Twenty years ago, at the 1996 Olympic Games in Atlanta, Josia Thugwane shocked his nation by becoming the first black South African to win an Olympic gold medal.
In the words of Nelson Mandela, Thugwane “reinforced our pride and confidence as a nation.”
Josia had to overcome more than just his competitors in the marathon in the 1996 Olympics, but also the segregation and oppression of apartheid that he had grown up under.
While trying to earn a living by gardening for an older woman in 1988, Josia asked a join a local running team that was sponsored by a mining company. With no formal education and no running shoes, Josia saw this as an opportunity. At 18, he was given a job as a janitor, mopping floors and cleaning rooms for the mining company in a coal mine hostel, and was allowed to train with the company’s running team.
But even running was segregated in apartheid South Africa.
During apartheid, whites generally had the access to technical instruction, equipment and running tracks that were forbidden to blacks. In all of what was formerly considered black South Africa, there is only one all-weather running surface, in the township of Soweto. Blacks generally took to road racing, where shoes were the only equipment needed and bare feet would often suffice.
Still, blacks suffered legislated discrimination. In the past, black runners were frequently stopped by police for running through white areas without carrying their identification papers.
Josia quickly became one of the best long-distance runners in the country, and in 1993 he won the national marathon championship in Cape Town and eventually earned a spot on the South Africa Olympic team for the 1996 Olympic Games in Atlanta. He was thrilled to be able to run for Mandela – the man who freed all South Africans just two years earlier when he was elected president of the country.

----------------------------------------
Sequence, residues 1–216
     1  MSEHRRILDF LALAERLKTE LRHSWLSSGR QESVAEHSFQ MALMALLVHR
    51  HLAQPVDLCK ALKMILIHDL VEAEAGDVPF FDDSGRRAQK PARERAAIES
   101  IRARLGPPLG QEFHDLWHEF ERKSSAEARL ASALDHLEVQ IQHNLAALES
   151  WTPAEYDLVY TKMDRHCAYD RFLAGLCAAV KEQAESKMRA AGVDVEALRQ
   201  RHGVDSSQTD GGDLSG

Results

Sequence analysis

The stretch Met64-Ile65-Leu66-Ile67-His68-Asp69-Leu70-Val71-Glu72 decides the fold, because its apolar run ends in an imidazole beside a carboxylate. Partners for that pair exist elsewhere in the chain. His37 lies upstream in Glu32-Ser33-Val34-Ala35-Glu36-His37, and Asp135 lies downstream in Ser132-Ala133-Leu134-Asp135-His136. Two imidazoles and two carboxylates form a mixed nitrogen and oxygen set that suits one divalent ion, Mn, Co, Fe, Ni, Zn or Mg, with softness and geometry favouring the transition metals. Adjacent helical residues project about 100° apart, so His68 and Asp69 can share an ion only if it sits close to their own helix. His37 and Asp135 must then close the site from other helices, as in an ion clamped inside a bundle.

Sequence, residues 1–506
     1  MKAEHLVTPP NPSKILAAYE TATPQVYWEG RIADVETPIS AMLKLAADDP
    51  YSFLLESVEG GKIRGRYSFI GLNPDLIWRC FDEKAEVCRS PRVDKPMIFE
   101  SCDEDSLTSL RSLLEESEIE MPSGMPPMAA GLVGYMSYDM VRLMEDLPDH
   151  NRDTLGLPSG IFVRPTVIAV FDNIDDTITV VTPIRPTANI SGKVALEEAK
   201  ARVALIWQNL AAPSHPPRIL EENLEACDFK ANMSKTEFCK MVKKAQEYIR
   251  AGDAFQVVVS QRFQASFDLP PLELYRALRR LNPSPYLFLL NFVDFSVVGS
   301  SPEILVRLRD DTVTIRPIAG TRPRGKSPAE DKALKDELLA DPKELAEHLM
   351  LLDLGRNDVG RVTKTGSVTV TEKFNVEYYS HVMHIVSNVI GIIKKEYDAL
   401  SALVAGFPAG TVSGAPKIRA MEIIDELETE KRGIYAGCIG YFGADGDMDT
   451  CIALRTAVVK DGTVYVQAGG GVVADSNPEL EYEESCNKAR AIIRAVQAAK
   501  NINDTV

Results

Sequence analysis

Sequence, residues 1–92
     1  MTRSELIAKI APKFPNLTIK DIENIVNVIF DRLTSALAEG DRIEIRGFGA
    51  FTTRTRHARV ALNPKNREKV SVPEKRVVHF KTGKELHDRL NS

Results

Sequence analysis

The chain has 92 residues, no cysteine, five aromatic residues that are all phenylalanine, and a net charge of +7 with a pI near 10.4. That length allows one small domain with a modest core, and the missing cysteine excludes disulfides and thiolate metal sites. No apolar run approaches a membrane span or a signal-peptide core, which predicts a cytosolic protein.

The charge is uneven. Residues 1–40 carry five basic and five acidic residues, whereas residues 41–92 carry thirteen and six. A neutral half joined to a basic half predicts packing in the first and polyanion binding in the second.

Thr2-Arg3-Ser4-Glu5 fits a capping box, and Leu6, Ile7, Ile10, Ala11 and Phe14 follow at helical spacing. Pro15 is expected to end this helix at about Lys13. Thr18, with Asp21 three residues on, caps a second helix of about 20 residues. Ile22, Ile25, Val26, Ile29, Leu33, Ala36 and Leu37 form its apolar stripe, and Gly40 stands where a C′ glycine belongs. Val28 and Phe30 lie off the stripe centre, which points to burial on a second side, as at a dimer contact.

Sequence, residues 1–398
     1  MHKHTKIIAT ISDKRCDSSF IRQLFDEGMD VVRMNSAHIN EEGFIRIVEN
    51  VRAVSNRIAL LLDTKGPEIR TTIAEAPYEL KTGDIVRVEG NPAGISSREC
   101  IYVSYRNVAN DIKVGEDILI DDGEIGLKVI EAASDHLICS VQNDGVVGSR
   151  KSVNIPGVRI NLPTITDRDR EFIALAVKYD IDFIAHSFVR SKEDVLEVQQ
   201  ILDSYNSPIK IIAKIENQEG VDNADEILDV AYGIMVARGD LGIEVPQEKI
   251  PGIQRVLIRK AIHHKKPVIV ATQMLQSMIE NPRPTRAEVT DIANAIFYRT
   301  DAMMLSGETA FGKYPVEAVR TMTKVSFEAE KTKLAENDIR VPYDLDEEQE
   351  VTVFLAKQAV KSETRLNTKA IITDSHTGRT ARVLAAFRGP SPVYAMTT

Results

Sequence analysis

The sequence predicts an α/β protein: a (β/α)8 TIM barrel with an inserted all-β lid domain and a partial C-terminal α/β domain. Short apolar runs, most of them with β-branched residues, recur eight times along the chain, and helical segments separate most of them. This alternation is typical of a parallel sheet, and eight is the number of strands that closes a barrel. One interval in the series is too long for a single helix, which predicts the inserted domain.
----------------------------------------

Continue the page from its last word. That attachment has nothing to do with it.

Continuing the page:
At the Olympics, he was so much of an underdog in the marathon that not one journalist managed to ask him before the race what a win would mean.
But here was Josia, a black man, running for Mandela — running the race of the ancients. A black man, running away from his homeland’s sad racial past — running toward a reformed South Africa.
If he won, not since Jesse Owens won four gold medals in Berlin in 1936 or aboriginal 400-meter runner Cathy Freeman won gold in Sydney in 2000, could a more powerful racial message be sent on an Olympic track.
South Africa’s first healing, unifying moment on the sporting stage had come the year before, when the Springboks stunningly won the Rugby World Cup. Mandela partnered with the team’s white captain, Francois Pienaar, to unite the country behind the most popular sport of white South Africans. Months later, in January 1996, South Africa won the African Cup of Nations for the first time, inspiring whites to unite behind the mostly black national soccer team.
But no black South African had ever won an individual gold medal on the Olympic stage; government money had scarcely been used to develop anyone but South Africa’s white athletes.
Never had just one black man faced the possibility of millions of white South Africans on the brink of euphoria if he could medal.
In a stunning upset, Josia won the marathon by just 3 seconds in what was the closest finish in Olympic marathon history.
Josia had become South Africa’s first black Olympic gold medalist.
In South Africa, they poured out of the black townships, out of the gated white neighborhoods, out of malls and restaurants, off the motorways into filling stations – all celebrating the glory of one man, one flag.
“I won this gold medal for the people of South Africa. I also won this gold medal for President Nelson Mandela. His efforts to end apartheid have made us free – free to run, free to be part of the international community. Without him, I would not be standing here today as Olympic champion,” Thugwane said.
“It is an indication to others that if we work hard, all of us have equal opportunity, not like in the past.”
Josia Thugwane came home to two weeks of celebrations, parades and honorary dinners. Nelson Mandela even said of Thugwane’s historic victory, “He is our golden boy and he has reinforced our pride and confidence as a nation.”
Tony Longhurst, Thugwane’s agent, said, “For a country that has been through so much political turmoil, this is a huge hope for the future. We can have heroes who don’t have to be black or white. They can be South Africans.”